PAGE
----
By Elyse Andrews
The Great Recession has been over for some time now (though many people are still out of work) and several sectors are benefiting from the recovery. One of them is retail, which was hard hit in 2008-09 when many people closed their wallets and stopped spending.
In April, same-store retail sales in the U.S. topped analyst expectations and rose 8.9% on average, one of the largest increases in the last few years. Same-store sales are an important indicator of a retailer’s internal health, so the big jump indicates that people are shopping again.
And lately, many great retail stocks have been popping up in our newsletters. One of the leading retail stocks is Lululemon Athletica (NASDAQ:LULU). I’ve written about LULU many times before, but the company’s yoga-inspired apparel is so red hot that the company has experienced inventory shortages. This will likely affect first quarter sales growth a bit. That said, limited supplies also can add urgency, inducing shoppers to buy full price items more quickly for fear they won’t be around for long.
Wall Street expects Lululemon to report a 31% jump in Q1 sales over last year, to $180.9 million. It’s a solid gain, but still below the sales growth of the last five quarters. Analysts expect to see same-store sales growth up a strong 14% with revenues rising a solid 41% to 38 cents per share.
These numbers are good, but only time will tell how the stock will react. I still like LULU, but it has come a long way and with the market chopping around, it may need a rest before it takes off again.
In late November 2010, I recommended Under Armour (NYSE:UA) and since then, the stock is up 85%. Our editor, Mike Cintolo, still recommends it as a hold.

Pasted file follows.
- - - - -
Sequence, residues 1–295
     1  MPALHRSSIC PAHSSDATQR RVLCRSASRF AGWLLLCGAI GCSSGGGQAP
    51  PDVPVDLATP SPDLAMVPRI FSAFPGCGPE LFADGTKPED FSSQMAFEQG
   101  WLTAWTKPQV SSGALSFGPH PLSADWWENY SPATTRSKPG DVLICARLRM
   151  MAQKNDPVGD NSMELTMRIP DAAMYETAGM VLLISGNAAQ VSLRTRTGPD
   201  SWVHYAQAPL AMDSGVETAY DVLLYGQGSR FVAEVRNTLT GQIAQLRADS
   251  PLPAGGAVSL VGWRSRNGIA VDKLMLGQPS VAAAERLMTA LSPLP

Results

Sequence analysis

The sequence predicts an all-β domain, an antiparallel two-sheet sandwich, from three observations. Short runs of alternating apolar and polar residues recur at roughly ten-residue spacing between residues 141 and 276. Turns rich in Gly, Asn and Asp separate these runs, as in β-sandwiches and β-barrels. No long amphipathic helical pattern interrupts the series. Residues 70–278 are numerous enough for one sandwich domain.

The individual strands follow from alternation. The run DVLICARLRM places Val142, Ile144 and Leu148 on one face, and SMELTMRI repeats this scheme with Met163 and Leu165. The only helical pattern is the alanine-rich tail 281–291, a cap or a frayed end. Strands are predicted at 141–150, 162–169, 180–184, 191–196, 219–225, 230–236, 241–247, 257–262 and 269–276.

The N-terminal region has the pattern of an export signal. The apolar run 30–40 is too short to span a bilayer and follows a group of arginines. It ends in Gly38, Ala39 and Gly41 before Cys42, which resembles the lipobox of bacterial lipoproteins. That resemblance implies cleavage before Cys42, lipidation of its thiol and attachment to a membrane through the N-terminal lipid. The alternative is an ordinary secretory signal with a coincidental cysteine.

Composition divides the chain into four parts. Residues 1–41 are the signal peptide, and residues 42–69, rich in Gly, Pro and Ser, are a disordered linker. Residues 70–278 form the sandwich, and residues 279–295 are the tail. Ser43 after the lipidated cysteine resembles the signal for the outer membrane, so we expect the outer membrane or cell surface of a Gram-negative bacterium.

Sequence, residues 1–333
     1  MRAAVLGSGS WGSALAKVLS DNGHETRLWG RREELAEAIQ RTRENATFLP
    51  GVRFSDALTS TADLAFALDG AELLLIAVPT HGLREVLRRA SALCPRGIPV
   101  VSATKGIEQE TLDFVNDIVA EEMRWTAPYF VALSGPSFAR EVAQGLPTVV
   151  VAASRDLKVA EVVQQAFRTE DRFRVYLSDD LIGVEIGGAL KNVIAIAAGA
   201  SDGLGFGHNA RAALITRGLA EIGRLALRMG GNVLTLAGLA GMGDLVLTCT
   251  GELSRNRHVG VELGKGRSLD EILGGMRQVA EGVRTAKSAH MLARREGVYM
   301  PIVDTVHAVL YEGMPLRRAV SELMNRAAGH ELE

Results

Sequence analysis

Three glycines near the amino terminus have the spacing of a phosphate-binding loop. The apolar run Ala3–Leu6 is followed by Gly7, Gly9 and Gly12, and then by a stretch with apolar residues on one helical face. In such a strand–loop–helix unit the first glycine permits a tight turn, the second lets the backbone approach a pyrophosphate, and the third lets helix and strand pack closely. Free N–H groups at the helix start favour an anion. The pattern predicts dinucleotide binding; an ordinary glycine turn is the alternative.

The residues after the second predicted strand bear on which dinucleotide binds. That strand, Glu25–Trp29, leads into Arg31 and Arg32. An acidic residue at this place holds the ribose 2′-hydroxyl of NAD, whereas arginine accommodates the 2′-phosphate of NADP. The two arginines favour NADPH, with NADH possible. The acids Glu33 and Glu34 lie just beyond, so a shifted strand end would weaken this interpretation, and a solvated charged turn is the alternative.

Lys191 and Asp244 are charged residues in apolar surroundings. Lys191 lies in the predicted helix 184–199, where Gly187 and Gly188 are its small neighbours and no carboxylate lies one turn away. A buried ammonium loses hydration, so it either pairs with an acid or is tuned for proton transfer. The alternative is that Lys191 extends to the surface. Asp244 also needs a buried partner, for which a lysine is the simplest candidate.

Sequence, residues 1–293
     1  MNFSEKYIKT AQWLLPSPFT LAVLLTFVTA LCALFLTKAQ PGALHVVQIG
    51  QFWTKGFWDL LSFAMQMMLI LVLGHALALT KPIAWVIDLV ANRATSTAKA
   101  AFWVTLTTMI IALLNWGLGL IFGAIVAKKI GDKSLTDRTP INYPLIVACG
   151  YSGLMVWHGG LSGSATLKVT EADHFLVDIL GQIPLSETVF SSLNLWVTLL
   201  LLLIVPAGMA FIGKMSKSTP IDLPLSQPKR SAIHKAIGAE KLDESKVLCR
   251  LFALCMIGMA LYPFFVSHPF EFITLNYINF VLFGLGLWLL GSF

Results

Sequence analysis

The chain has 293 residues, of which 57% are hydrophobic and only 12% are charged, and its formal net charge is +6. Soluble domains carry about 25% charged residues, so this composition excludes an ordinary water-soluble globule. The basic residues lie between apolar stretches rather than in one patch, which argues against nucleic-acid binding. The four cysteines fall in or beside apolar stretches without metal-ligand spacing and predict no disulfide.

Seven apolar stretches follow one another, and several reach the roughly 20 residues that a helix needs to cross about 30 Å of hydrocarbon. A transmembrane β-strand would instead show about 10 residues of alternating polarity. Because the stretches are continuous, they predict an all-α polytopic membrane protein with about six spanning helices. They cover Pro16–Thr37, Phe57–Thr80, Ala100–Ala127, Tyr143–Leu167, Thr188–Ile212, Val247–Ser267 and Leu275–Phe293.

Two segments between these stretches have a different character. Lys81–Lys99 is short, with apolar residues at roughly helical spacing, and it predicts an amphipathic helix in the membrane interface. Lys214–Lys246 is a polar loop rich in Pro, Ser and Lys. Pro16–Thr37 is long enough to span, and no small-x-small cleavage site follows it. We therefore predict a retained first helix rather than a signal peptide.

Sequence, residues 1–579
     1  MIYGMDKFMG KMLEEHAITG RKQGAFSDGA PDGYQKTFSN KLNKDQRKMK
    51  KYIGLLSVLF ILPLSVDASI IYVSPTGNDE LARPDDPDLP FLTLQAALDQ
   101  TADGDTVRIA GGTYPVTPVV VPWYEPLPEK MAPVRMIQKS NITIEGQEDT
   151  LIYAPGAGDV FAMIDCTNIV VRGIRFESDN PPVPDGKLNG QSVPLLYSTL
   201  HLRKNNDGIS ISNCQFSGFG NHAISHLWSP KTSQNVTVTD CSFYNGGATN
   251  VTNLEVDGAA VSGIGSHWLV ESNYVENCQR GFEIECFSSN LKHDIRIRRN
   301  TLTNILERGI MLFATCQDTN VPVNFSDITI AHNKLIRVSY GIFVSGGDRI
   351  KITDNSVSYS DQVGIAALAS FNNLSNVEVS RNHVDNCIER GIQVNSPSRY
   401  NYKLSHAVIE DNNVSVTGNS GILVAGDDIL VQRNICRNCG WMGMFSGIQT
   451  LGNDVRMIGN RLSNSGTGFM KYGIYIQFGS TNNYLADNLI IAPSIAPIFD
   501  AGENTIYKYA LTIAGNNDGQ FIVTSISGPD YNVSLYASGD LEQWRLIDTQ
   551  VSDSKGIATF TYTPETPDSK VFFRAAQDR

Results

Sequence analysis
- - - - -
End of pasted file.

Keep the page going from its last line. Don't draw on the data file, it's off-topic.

Under Armour has remained one of the leading retail stocks because of its accelerating sales growth, strong earnings gains and the view that it can challenge Nike (NYSE:NKE) as the king of athletic apparel.
Going forward, Under Armour should see improved sales from its footwear line and new Charged Cotton clothing, which combines cotton and the company’s moisture-wicking technology. Many on Wall Street think this innovative apparel will be a big seller for the company.
I wrote about Abercrombie & Fitch (NYSE:ANF) two weeks ago; since then, the company reported strong first quarter fiscal results. The company’s Q1 net income came in at $25.1 million, or 28 cents per share, vs. a loss of $11.8 million, or 13 cents per share in the year ago period.
Abercrombie is known for its pricier teen clothes and was hurt badly in the recession, but same-store sales have bounced back nicely. Revenue at stores open at least a year jumped 10% in February through April vs. a year ago.
International revenue soared 64%, boosting the company’s overall revenue 22% to $837 million; this should only continue as the company has plans to open several more stores overseas in the near future.
ANF took off in early April on huge volume. Since then, the stock has worked to build a base in the mid-70s and hasn’t given back any of its gains. ANF reacted well to its earnings report and, if the market stabilizes, I think the stock can go far.